Assemblymember Marie Waldron
The national blood shortage has reached our region, and the situation is critical for many local hospitals. While January has been designated National Blood Donor Month for over 50 years, people have not been stepping up to donate blood and maintain badly needed supplies as they have in the past.
The San Diego Blood Bank has reported that donations have dropped significantly during the COVID crises, even though donating blood is completely safe. One contributing factor involves treatments delayed in 2020 and 2021 that are now being scheduled, leading to an unprecedented increase in demand for medical care – and more blood.
Blood supplies at times have been so low that there is a real fear that lives will be lost. Severe increases in patient load, along with a reduction in staffing due in part to COVID, have not helped.
The situation has become so serious that a mass casualty incident, even a four-car pile-up, could exhaust blood supplies. People with blood disorders are being seriously impacted, elective surgeries have been rescheduled/delayed, one trauma center in Los Angeles had to shut down for hours because of blood shortages, and some hospitals here locally have been forced to contact neighboring hospitals for blood when treating multiple trauma cases. At times, hospitals have been on the verge of deciding who to treat and who not to treat over lack of blood.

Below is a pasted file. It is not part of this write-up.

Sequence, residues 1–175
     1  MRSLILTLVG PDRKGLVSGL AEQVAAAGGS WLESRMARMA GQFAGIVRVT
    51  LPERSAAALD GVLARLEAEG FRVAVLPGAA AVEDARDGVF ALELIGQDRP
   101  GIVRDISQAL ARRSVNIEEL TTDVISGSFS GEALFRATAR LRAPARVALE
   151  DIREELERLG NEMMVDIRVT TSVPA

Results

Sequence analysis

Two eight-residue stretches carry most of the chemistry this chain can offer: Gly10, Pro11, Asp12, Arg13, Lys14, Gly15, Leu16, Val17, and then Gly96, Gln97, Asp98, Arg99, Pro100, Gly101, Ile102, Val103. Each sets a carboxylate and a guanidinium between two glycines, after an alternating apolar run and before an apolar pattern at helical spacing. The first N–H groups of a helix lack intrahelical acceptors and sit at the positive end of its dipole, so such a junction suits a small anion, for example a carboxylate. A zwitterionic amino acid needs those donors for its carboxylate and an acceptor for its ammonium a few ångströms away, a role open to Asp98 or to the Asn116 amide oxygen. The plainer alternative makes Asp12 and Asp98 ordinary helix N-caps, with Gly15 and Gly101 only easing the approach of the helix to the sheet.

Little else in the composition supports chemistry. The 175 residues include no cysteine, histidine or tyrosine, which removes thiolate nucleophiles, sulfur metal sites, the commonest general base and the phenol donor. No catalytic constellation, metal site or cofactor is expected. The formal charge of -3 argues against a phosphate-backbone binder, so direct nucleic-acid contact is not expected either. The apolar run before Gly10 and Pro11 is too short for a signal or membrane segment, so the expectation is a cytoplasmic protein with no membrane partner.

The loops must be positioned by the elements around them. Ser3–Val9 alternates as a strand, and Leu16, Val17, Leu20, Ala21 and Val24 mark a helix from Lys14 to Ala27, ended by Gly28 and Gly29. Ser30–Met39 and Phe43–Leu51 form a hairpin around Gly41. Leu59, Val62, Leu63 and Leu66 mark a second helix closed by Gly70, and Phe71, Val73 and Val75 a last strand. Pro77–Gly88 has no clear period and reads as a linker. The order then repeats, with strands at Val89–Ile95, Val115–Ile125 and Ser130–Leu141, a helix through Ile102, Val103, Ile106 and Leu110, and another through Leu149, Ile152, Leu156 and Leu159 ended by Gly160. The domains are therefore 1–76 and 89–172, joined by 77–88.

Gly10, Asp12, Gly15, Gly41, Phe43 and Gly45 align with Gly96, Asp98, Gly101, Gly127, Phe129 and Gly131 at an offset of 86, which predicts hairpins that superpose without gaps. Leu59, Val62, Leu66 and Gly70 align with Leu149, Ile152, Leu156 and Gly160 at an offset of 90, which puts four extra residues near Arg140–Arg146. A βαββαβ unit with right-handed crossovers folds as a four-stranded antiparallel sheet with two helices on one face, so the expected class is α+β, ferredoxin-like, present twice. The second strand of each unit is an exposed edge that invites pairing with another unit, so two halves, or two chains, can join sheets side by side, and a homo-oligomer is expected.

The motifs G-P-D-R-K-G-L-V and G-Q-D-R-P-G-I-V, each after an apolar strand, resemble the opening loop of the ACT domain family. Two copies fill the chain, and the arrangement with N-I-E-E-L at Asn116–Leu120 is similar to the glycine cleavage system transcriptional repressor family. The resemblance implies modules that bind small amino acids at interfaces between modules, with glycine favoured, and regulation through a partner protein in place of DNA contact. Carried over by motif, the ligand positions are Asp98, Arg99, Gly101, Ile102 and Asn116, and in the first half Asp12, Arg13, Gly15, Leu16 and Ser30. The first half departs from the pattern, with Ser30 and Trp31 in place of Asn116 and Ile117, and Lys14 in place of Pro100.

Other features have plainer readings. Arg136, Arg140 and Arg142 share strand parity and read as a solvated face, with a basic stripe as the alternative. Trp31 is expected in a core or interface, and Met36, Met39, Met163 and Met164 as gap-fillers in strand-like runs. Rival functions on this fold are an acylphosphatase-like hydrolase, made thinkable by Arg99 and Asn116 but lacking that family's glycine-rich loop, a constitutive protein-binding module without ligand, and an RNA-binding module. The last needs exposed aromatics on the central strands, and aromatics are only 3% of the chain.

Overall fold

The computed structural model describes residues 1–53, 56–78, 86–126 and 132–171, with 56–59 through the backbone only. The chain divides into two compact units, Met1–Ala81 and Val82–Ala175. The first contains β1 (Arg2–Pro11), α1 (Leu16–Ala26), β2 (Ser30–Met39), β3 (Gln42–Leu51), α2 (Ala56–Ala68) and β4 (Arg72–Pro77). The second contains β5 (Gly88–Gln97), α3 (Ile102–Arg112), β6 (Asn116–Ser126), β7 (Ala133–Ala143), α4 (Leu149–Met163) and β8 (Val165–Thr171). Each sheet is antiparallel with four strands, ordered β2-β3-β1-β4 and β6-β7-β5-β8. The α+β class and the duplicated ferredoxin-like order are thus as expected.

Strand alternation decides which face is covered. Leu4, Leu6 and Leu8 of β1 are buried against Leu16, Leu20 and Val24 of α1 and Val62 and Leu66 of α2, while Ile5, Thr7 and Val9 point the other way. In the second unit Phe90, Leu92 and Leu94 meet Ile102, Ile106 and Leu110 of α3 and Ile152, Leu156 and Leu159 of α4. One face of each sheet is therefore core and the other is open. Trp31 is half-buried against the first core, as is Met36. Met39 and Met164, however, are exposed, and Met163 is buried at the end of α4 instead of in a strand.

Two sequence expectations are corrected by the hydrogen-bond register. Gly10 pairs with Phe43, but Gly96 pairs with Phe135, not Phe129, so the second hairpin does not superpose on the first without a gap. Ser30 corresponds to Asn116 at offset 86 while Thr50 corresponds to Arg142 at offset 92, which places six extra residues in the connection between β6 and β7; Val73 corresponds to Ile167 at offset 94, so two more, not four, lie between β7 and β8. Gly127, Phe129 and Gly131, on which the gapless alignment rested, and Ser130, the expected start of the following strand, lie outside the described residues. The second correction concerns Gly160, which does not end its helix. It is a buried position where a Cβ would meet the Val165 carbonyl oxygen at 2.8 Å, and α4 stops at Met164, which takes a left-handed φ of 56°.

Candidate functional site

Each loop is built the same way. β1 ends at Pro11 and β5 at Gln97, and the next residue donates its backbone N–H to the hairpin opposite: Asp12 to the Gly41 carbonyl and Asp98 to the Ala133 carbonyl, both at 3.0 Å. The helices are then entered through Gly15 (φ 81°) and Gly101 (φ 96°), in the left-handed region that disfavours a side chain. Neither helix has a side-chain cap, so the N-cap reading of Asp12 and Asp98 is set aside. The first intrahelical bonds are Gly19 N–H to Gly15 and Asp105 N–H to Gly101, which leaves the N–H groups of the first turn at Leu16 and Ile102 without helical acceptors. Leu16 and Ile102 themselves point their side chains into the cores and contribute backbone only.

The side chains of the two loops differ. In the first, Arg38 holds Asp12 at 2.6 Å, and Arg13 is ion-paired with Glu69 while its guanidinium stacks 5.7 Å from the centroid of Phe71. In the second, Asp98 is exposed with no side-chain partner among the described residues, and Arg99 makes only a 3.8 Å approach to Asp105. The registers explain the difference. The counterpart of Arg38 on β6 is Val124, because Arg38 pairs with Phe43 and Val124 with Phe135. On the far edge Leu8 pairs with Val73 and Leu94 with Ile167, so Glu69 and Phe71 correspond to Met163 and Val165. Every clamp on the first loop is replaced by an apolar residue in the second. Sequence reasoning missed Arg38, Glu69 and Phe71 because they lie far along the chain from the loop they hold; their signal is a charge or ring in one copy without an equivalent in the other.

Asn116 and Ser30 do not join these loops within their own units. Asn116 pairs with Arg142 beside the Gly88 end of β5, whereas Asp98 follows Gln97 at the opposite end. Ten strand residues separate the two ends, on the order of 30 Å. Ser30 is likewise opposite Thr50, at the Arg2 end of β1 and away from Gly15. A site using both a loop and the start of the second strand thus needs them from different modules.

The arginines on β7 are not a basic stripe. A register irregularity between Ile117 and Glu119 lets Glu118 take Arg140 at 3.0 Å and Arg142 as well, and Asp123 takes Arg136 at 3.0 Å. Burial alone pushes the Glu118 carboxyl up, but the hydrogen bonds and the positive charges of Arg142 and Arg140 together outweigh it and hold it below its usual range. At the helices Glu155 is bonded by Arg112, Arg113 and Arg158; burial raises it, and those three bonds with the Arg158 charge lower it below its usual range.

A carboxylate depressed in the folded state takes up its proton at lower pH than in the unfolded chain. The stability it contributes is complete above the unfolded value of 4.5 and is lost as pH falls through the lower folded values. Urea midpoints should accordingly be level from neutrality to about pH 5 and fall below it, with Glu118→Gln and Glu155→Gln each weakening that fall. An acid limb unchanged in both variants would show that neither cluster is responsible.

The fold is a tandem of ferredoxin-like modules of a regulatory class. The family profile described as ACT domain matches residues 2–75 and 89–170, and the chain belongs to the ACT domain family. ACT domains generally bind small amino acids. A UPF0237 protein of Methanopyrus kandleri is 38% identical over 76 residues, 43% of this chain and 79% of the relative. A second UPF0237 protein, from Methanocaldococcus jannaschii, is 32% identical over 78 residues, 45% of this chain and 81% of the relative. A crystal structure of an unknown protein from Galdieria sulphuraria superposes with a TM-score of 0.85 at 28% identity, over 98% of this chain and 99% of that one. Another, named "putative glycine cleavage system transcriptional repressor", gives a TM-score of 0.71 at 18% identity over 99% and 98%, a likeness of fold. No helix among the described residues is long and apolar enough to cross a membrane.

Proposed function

There is a solution to this nationwide problem. People simply need to get back into the habit of donating blood – remember that just one donation can save up to three lives.
To find a blood drive near you, please go to https://www.californiavolunteers.ca.gov/get-involved/covid-19/donate-blood/
Let’s roll up our sleeves and start saving lives!